Canadian experimental rock outfit Caribou announced today that it will release its sixth studio album, Only Love, on October 6th. The brainchild of lead singer Dan Snaith, Only Love is built around “hip-hop inspired beats, muted house basslines, and a love of shuffling garage.” The album will feature collaborations with Jessy Lanza and Owen Pallett, both eloquent artists in their own right. Caribou will start their North American Tour in July and play Union Transfer on November 13th. Before downloading the full album in the fall, stream “Can’t Do Without You” below.
Tonight, audiences will get the best of both worlds. After touring together in 2012, singer / songwriter Aimee Mann and punk / indie guitarist Ted Leo have teamed together for a new project, The Both. On April 15, the two released their first and self-titled album via Mann’s Super Ego Records. (Fun Fact: The Both was the first band to play at the newly opened Boot & Saddle.) Check them out tonight at Union Transfer. The show starts at 9 p.m. and tickets are $24.
If you’re into heavenly bedroom-pop, Jessy Lanza’s debut Pull My Hair Back is a must-hear record. Lanza’s take on minimalist R&B is hypnotic and colorful in a mellow, quietly captivating way. Taking cues from dance-inspired R&B of the early ’90s, the Canadian songstress delivers delightful midtempo jams just as well as her slower, moodier tunes. Watch “Kathy Lee” below and get tickets to her Philly debut, May 3rd at North Star Bar, here.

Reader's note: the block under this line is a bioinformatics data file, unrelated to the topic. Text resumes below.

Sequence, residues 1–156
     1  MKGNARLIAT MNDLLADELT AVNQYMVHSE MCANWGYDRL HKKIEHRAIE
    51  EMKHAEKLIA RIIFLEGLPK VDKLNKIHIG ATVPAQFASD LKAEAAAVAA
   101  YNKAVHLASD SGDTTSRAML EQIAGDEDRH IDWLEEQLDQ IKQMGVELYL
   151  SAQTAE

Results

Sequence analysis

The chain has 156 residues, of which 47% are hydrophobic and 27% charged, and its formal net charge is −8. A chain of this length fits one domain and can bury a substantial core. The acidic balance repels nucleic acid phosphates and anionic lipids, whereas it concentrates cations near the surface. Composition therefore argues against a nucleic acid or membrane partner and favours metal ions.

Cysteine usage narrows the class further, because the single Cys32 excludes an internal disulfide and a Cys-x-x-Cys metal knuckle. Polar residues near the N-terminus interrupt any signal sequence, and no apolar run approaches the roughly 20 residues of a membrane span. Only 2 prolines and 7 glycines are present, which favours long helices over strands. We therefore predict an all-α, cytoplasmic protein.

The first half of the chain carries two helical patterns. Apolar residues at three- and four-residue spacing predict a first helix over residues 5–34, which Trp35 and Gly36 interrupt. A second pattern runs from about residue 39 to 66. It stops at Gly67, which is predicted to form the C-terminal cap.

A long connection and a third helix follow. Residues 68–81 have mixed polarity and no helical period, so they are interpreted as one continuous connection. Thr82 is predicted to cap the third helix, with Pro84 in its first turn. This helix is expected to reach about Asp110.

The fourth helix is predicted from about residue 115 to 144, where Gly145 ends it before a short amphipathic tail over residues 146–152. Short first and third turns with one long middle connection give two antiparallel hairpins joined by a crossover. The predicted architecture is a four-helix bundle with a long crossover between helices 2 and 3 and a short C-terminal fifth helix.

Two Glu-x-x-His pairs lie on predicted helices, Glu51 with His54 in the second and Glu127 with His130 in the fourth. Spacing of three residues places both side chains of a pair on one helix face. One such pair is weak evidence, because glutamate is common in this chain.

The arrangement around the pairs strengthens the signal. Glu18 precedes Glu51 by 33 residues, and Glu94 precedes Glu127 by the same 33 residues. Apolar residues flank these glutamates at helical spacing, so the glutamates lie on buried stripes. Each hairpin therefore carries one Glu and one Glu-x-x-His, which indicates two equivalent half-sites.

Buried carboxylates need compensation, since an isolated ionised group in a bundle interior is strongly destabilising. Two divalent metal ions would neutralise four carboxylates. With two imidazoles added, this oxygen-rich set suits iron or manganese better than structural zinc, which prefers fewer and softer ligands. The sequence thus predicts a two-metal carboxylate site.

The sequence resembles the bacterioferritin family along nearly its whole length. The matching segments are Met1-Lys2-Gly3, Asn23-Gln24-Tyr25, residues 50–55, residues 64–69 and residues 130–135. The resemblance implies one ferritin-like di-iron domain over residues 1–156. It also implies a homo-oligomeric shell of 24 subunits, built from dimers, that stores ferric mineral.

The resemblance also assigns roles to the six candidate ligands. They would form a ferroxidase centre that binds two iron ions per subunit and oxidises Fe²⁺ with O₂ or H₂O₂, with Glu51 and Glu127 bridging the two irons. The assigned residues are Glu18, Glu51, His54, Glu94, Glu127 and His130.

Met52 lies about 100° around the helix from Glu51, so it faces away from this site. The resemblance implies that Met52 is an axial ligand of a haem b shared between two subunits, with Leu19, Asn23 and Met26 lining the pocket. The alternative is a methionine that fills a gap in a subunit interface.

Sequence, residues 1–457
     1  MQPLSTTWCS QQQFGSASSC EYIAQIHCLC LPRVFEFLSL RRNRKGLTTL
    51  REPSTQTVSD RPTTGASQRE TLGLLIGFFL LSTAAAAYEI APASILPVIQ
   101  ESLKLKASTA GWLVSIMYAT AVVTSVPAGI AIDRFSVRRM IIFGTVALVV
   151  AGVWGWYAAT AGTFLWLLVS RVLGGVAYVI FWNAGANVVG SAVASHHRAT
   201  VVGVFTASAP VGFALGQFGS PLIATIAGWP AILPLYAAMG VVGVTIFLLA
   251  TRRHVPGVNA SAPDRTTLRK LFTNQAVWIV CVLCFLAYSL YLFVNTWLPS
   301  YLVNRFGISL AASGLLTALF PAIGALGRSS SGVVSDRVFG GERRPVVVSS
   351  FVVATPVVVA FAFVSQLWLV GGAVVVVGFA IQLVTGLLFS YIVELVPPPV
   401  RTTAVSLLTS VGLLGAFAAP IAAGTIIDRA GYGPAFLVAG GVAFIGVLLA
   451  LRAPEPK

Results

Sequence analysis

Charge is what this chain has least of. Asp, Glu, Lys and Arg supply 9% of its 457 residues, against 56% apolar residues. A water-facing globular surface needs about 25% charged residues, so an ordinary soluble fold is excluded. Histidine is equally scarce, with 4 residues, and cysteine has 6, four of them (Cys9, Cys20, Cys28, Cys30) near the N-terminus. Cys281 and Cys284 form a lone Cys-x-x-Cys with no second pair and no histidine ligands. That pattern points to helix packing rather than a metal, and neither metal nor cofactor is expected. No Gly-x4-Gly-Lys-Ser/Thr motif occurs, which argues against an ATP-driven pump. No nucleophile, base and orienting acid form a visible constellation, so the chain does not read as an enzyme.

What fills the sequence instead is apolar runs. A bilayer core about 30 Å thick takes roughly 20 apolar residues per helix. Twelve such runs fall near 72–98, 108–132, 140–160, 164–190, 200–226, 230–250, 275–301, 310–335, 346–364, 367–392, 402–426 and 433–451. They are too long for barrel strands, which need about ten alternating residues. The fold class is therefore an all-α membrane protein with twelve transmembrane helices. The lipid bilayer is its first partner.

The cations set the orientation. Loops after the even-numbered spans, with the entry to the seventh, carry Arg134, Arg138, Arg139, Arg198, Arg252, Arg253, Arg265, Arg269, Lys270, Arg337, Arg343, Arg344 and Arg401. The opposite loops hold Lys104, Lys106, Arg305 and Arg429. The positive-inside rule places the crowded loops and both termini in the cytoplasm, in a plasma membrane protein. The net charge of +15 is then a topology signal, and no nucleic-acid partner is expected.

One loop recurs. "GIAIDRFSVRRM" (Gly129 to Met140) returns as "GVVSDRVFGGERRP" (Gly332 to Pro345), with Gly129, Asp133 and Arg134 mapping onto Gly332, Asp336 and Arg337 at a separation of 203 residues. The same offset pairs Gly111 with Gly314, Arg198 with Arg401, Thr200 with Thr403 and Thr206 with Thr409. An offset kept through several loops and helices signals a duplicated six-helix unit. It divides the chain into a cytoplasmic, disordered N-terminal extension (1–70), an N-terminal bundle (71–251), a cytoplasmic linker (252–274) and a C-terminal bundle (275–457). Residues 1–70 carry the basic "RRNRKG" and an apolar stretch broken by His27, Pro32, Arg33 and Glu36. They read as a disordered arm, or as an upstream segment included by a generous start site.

It’s been almost a week since the four-day nonstop multisensory rush that was the 2014 editon of Austin’s annual South by Southwest music conference, which has given me just about enough time to catch up on sleep, edit my way through thousands of photos and sort out my thoughts about the experience. Here are eight artists that grabbed my attention at this year’s SXSW, beginning with the woman you see above.
Kelis – The transformation of the onetime “Milkshake” hitmaker didn’t take me as unawares as it may have taken other festival-goers. A few years back, I caught her on tour with Robyn at The Trocadero, and saw that she’d moved on from her bubblegum dance days to a sleek and more sophisticated electropop sound. But still, this was impressive – her backing band was a dozen members strong, it had a sharp horn section and a disco-funk sound to die for, and the singer had enough awareness of nostalgia’s power that she dropped “Milkshake” in the final third of her late-night Friday set at the Hype Hotel. Which was totally fun, but it would have been a powerful performance without. Her sixth album, Food, was produced by Dave Sitek of TV on the Radio and is out April 18th on Ninja Tune Records.
Feathers – These Austin locals just got off a European tour opening for Depeche Mode, and their sound sits nicely alongside the 80s icons’ dark synth-dance tones. I caught them Saturday at the goth-leaning Red River club Elysium, and frontwoman Anastasia Dimou freaking owned the packed room. While their sound is decidedly hard-hitting, she has the presence and command of a pop singer – or, say, an alt-pop singer a la Emily Haines of Metric. Even when the power momentarily cut out, Dimou kept singing a cappella and off mic. Their Only One EP dropped in January.